Get a complete breeding soundness examination performed by your vet. - it's a really good place to start with a filly such as this.

Good luck!

Anonymous (
Posted on Tuesday, June 12, 2001 - 05:30 am:   Edit Post Delete Post    Move Post (Moderator/Admin Only)

I have a friend who's mare has been at a training center for 5 weeks. It seems last weekend, while the owners of the center were away, an aggressive stallion, also there for training, got out of his stall during the night. It appears that he went visiting my friends' mare and her door was kicked out. In the morning when the helper arrived to do turnouts she found the two running together in the barn. The owners of the center have tried to keep things hushed and didn't come clean about what took place. Through putting the pieces together the story is unfolding. Since we have not been involved in breeding before some questions have come up. First, is it common for the mare to have cuts on her inside thighs from the stallions' front shoes? Her rear legs are also swollen and obviously causing her discomfort. Is this common from breeding or possibly this is from her kicking the door? I understand that the owners don't want this information to be spread around. On the other hand my friend was not even phoned to be advised to check on her mare. It's a sticky situation. Any thoughts or advice?? Thanks

Kelly (
Posted on Tuesday, June 12, 2001 - 10:19 am:   Edit Post Delete Post    Move Post (Moderator/Admin Only)

This is more than a sticky situation.

The owners should have been the first ones called. These things can happen, but to allow this mare to possibly be bred and not inform the owners is a lawsuit waiting to happen.

My first concern is that a pregnancy will be acceptable. If not, they had better make some decisions quickly. They will need to give this mare a shot of Lutelyse to insure that a pregnancy does not indure. Any and all madical attention given to this mare should be done with the owners consent.

ALL bills incurred from this situation will be the responsibility of the barn owner. If the trainer leases the barn, then ALL of the bills associated with veterinary care, stallion fees ( if pregnant and desirous of papers), Feed and board for the mare and foal untill the time of weaning, vaccinations, get the picture.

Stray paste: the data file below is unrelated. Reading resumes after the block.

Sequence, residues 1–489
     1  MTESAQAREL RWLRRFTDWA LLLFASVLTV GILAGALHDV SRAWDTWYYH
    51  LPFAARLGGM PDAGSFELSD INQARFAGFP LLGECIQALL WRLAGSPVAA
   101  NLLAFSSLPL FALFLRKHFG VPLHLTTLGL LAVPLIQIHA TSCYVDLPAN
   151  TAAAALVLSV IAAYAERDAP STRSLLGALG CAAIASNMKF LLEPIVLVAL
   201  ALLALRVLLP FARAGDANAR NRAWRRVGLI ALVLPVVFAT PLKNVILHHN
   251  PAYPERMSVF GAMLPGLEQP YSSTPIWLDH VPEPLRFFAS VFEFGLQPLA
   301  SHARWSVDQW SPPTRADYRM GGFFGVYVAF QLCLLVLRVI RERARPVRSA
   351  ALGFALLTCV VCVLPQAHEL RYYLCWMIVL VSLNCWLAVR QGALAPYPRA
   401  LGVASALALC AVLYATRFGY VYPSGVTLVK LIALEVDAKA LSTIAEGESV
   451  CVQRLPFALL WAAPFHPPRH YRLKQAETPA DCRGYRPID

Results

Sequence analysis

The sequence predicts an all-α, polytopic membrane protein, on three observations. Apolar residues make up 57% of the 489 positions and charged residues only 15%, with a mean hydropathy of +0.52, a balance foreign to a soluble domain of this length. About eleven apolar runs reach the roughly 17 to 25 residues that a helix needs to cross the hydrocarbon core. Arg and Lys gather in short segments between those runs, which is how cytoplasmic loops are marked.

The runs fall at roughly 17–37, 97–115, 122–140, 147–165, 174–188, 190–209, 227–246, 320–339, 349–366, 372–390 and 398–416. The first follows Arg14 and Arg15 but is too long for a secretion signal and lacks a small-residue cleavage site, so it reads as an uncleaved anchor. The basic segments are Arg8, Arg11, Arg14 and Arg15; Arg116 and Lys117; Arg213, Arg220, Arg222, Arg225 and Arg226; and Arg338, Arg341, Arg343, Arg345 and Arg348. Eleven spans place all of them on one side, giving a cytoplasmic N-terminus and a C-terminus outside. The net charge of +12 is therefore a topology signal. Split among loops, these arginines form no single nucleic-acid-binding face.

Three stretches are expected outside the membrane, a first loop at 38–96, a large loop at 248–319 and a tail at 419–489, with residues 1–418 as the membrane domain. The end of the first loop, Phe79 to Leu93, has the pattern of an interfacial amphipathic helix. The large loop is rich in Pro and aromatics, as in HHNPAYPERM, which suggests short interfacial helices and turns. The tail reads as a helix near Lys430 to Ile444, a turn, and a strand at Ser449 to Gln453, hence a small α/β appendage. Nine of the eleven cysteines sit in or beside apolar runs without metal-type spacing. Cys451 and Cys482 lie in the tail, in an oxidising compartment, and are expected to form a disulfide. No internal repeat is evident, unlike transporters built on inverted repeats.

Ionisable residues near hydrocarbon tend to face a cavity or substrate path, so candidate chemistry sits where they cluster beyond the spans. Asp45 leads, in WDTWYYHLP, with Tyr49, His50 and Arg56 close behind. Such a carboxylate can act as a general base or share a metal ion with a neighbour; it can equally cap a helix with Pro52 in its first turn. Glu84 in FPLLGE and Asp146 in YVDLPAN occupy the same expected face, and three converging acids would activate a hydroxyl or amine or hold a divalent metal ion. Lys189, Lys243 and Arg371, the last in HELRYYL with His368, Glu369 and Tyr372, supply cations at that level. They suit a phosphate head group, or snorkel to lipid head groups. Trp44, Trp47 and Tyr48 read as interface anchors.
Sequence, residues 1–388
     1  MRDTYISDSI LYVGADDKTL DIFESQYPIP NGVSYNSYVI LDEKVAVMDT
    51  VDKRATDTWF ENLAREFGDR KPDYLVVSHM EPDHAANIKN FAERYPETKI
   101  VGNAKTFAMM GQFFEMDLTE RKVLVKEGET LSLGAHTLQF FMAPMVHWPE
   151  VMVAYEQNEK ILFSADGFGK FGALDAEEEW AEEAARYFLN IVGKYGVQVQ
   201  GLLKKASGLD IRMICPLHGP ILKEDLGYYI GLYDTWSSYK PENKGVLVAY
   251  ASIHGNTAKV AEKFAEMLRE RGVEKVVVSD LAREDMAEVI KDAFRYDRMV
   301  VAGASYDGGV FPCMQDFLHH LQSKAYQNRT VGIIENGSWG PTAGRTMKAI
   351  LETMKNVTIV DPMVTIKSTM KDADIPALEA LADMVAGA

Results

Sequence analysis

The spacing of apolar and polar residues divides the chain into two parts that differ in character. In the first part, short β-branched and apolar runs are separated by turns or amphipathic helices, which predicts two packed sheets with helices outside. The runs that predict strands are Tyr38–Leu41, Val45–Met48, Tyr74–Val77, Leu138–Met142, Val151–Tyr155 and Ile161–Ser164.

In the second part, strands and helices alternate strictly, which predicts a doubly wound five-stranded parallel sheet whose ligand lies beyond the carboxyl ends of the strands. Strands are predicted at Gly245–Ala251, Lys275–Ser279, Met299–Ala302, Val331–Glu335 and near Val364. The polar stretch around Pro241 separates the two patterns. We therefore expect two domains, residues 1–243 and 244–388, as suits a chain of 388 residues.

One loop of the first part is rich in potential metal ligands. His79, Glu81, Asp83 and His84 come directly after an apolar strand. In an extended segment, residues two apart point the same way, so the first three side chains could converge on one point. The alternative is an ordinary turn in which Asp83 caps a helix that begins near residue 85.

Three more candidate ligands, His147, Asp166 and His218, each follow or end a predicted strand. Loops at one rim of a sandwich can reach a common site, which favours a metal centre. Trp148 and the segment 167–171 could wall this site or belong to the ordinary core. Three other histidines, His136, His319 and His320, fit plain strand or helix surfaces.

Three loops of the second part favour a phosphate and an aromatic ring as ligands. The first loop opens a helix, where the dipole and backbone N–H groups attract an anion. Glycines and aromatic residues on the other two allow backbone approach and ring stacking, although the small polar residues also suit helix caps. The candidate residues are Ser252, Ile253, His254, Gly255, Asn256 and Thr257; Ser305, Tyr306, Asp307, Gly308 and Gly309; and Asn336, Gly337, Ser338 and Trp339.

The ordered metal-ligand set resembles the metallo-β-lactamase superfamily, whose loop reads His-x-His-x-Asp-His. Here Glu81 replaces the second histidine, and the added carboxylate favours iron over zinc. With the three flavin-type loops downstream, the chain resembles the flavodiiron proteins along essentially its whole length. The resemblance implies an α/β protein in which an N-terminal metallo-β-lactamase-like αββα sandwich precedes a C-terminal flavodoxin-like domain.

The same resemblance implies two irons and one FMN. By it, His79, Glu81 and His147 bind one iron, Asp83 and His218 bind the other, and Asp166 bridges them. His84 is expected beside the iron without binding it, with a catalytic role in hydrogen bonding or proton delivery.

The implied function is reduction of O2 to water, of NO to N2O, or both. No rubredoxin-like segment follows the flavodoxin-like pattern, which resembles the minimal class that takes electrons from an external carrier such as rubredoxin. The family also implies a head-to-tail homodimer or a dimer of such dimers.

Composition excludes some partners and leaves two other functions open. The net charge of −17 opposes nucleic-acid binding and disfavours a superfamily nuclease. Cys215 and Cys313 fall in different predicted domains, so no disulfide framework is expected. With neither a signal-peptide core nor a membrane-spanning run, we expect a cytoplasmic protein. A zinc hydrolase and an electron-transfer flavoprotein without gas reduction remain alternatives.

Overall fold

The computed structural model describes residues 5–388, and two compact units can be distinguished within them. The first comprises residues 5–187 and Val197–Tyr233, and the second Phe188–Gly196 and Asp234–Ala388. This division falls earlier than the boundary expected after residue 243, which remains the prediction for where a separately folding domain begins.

The injuries could have happened in different ways. She could have kicked the door, been caught on or in between the door, running around all night on hard ground, fighting off the stallion,( if she were not in heat ). In a responsible breeding situation, all concerned are protected from injury.

It is very irresponsible of the people in charge to attempt to keep this occurance a secret. It makes me wonder if they have administered Lutelyse themselves. Even if they do not think that this mare was in heat, a vet check would be in order. They are lucky that nothing more serious happened to either horse or any others in the barn.

Anonymous (
Posted on Tuesday, June 12, 2001 - 08:23 pm:   Edit Post Delete Post    Move Post (Moderator/Admin Only)

Kelly, thank you for your response. My friend has been discouraged (by the owners) on having her mare checked by the vet. I think you are probably accurate wondering if they have administered the Lutelyse. We hadn't even thought of that possibility. Yesterday when the owner gave a "little" info to her he was very sure that a pregnancy will not result. If this was done, it was without her approval. Is there any way the vet can determine if her mare did receive it? This is a large, known training center & I am CERTAIN they do not want this to get out. Thanks a ton for your help!

Kelly (
Posted on Tuesday, June 12, 2001 - 10:54 pm:   Edit Post Delete Post    Move Post (Moderator/Admin Only)

The owners should PAY for the vet work. There is no way that the owners could be sure that this mare did not get bred. There is no way to tell if this mare has conceived yet. They could tell if she had recently ovulated, by way of ultra sound. This should be done immediately. Does anyone know when she was last in heat?